ANTON RIPPON investigates how a six-book short-list for the 2011 Sports Book of the Year became a seven-book list, and suggests a strong tip for the winner
Either that, or they considered Paul Kimmage’s biography of Matt Hampson, the former England Under 21 rugby player paralysed after a scrum collapsed, didn’t stand a chance against some stiff competition for 2011.
But fear not. Someone at William Hill spotted the omission and although the longlist had already been published, they decided that Kimmage’s book just had to be included in the shortlist, which this year now numbers seven titles instead of the usual six.
William Hill spokesman Graham Sharpe told the trade paper The Bookseller: “Although the book had not been submitted for the prize at the time our longlist was announced, the members of our judging panel nevertheless agreed to consider it once it was brought to their attention, the outcome being that they have indicated they feel it merits inclusion on the shortlist.
“We would normally have selected six titles for the shortlist but the addition of Engage means there will be a magnificent seven titles this year, so no other author has been denied a place by its inclusion. This decision takes into account the feeling that it would be unfair to penalise a blameless author and subject.”
Commenting to the Daily Mail, Sharpe was less diplomatic: “We’ve ended up clearing up the mess the publishers created.”
Meanwhile, Simon & Schuster’s managing director Ian Chapman told The Bookseller: “I’m immensely thrilled and proud for Matt that the book is on the shortlist.” I bet he is. One assumes that he then went off to issue a bollocking.
Whatever, when contacted by sportsjournalists.co.uk, the Simon & Schuster publicity department apparently hadn’t got an answer as to why Kimmage’s book wasn’t entered. At least, at the time of writing, we’re still waiting for them to call back.
And now that we’ve cleared that up, let us consider the runners and riders for this year’s competition, now in its 23rd year, which will net the winner a £23,000 cash prize, a £2,000 William Hill bet, a hand-bound copy of their book, and a day at the races.
In Among The Fans: From Ashes to the Arrows, a Year of Watching the Watchers five-times SJA Sports Writer of the Year and Mail on Sunday columnist Patrick Collins collates the results of a year spent observing the varied behaviour of sport’s spectators rather than its performers. The outcome, thank goodness, isn’t an anthropological study of the kind Desmond Morris might have produced, worthy though that might have been.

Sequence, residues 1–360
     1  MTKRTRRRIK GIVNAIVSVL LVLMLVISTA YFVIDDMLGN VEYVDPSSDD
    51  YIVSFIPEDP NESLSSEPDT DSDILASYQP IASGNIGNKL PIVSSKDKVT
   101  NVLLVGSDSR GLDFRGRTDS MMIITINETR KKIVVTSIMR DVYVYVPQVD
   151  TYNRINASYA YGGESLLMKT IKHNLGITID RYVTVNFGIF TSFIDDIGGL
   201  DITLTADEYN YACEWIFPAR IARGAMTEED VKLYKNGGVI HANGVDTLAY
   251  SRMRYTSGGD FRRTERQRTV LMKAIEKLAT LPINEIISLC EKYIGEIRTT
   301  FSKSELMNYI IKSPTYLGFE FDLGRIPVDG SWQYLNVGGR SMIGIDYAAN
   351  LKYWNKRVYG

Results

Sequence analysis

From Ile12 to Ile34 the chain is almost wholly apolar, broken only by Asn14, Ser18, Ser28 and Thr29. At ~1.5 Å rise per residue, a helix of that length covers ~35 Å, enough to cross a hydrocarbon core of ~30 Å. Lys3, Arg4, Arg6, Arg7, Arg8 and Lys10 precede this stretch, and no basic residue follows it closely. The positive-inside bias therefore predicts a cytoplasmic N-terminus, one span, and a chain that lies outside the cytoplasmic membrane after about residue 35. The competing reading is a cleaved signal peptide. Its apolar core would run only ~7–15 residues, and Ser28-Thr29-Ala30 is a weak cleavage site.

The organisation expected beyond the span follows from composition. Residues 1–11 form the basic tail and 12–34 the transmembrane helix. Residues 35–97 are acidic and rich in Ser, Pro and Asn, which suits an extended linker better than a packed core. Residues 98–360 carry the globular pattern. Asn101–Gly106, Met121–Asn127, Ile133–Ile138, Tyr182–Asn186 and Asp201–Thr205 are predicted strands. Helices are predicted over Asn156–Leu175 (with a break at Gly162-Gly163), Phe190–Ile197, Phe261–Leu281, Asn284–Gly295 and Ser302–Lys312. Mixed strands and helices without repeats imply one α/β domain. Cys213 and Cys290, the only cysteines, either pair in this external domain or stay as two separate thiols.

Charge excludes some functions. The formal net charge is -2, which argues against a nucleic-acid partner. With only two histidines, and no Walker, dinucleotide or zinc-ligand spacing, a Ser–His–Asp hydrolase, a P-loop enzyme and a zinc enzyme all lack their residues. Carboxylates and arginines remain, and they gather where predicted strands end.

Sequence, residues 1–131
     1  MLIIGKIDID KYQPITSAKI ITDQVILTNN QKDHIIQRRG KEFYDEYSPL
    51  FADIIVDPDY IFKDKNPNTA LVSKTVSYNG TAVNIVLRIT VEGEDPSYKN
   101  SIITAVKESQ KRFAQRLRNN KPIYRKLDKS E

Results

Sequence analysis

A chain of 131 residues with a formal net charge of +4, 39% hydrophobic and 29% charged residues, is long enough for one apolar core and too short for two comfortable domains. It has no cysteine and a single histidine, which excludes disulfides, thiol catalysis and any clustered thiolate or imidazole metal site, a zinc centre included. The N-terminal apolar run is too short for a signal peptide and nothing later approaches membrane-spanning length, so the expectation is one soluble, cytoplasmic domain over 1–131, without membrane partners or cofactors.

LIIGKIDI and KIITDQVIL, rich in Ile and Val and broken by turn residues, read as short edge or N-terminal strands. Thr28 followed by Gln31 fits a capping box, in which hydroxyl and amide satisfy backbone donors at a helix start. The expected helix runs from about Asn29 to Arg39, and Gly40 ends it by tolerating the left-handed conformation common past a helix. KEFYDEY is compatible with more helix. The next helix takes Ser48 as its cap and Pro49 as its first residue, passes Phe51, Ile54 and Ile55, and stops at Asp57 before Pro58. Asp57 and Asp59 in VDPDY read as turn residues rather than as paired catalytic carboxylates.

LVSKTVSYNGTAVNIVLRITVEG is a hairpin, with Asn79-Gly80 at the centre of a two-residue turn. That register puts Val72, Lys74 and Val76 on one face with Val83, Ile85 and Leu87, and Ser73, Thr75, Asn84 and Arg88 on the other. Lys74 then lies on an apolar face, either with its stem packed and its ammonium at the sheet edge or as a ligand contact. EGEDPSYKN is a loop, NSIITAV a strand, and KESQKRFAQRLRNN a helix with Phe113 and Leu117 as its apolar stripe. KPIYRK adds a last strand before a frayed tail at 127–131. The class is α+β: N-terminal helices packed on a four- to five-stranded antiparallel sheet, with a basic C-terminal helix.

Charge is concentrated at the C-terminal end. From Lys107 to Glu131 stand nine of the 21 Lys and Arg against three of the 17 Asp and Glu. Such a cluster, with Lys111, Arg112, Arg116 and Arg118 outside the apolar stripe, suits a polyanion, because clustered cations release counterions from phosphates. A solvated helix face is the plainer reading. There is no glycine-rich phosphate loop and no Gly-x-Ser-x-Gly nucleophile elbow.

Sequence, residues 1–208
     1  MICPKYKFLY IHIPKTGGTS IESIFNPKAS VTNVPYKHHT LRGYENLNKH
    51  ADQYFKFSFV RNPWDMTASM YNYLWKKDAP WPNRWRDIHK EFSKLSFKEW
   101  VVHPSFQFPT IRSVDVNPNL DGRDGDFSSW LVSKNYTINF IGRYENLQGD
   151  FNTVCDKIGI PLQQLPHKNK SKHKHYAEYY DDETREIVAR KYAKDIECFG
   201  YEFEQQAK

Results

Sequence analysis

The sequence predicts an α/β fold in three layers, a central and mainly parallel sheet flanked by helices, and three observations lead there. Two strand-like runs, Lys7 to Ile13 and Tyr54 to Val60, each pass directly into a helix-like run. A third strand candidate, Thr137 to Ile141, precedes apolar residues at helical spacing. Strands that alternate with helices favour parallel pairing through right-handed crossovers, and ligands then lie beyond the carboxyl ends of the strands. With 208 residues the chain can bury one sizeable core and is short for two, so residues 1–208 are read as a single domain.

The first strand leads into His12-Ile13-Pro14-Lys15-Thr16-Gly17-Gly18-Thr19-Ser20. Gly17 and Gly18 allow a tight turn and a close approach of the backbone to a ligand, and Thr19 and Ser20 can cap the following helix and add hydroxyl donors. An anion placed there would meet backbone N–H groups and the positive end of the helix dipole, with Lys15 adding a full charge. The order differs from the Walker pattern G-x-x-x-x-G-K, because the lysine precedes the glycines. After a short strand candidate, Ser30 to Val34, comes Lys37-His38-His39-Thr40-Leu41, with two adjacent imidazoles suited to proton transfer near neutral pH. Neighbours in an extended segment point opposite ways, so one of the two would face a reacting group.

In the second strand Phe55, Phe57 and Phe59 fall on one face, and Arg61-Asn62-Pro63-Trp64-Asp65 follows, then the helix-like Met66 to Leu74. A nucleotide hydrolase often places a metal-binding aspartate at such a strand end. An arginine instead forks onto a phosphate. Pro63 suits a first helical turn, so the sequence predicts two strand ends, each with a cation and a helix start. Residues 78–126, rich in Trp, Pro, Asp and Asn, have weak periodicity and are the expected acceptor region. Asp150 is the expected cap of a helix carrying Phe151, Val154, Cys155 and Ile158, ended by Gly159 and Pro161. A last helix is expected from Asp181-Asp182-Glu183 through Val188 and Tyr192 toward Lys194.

Instead, the reader is treated to an anecdotal journey from a county cricket match at Canterbury to a corporate box at Wembley, greyhound racing, swimming, speedway and more. For Collins, the problem is that sometimes spectators go as much to be seen as to watch. Inevitably, cricket’s Barmy Army gets right up his nose. But then, although he is no particular fan of the sport himself, snooker apparently brings out the best in those who pay to view.
Now a confession: while on honeymoon in 1968, Mrs R and me went to a bullfight in Barcelona. It was what ignorant tourists did in those days. But perceptions change, thank goodness. So it was with misgivings that I picked up Into The Arena: The World of the Spanish Bullfight by Alexander Fiske-Harrison, a 35-year-old actor and writer whose work has appeared in, among other publications, The Times, Daily Telegraph and Financial Times.
He ran with the bulls in Pamplona and spent a year studying matadors and the breeders of Spain’s fighting bulls, including months of dangerous training that enabled him to produce a memorable portrait of bullfighters, bulls, trainers and fans (what would Patrick Collins make of them?).
He argues that a fighting bull’s suffering is reduced because in the ring it feels no fear, only aggression. But then when he sees a bad corrida, his doubts resurface all over again.